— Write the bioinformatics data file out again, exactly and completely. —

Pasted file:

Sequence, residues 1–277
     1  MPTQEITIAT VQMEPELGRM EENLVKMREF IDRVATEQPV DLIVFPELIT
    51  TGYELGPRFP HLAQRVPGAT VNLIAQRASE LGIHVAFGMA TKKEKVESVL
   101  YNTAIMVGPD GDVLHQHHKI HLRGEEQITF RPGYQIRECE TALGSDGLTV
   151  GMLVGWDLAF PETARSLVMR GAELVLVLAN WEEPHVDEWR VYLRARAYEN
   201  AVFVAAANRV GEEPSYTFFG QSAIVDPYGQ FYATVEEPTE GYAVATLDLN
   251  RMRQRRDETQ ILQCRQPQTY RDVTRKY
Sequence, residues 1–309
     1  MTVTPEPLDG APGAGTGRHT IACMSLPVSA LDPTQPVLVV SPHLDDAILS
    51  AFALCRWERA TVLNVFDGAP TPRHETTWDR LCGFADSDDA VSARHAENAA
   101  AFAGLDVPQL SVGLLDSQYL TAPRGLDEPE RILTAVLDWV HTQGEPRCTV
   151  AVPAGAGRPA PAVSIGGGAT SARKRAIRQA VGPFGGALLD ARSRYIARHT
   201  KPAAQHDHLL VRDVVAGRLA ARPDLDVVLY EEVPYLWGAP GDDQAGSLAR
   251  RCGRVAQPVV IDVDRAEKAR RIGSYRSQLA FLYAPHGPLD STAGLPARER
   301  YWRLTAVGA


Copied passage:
Sequence, residues 1–277
     1  MPTQEITIAT VQMEPELGRM EENLVKMREF IDRVATEQPV DLIVFPELIT
    51  TGYELGPRFP HLAQRVPGAT VNLIAQRASE LGIHVAFGMA TKKEKVESVL
   101  YNTAIMVGPD GDVLHQHHKI HLRGEEQITF RPGYQIRECE TALGSDGLTV
   151  GMLVGWDLAF PETARSLVMR GAELVLVLAN WEEPHVDEWR VYLRARAYEN
   201  AVFVAAANRV GEEPSYTFFG QSAIVDPYGQ FYATVEEPTE GYAVATLDLN
   251  RMRQRRDETQ ILQCRQPQTY RDVTRKY
Sequence, residues 1–309
     1  MTVTPEPLDG APGAGTGRHT IACMSLPVSA LDPTQPVLVV SPHLDDAILS
    51  AFALCRWERA TVLNVFDGAP TPRHETTWDR LCGFADSDDA VSARHAENAA
   101  AFAGLDVPQL SVGLLDSQYL TAPRGLDEPE RILTAVLDWV HTQGEPRCTV
   151  AVPAGAGRPA PAVSIGGGAT SARKRAIRQA VGPFGGALLD ARSRYIARHT
   201  KPAAQHDHLL VRDVVAGRLA ARPDLDVVLY EEVPYLWGAP GDDQAGSLAR
   251  RCGRVAQPVV IDVDRAEKAR RIGSYRSQLA FLYAPHGPLD STAGLPARER
   301  YWRLTAVGA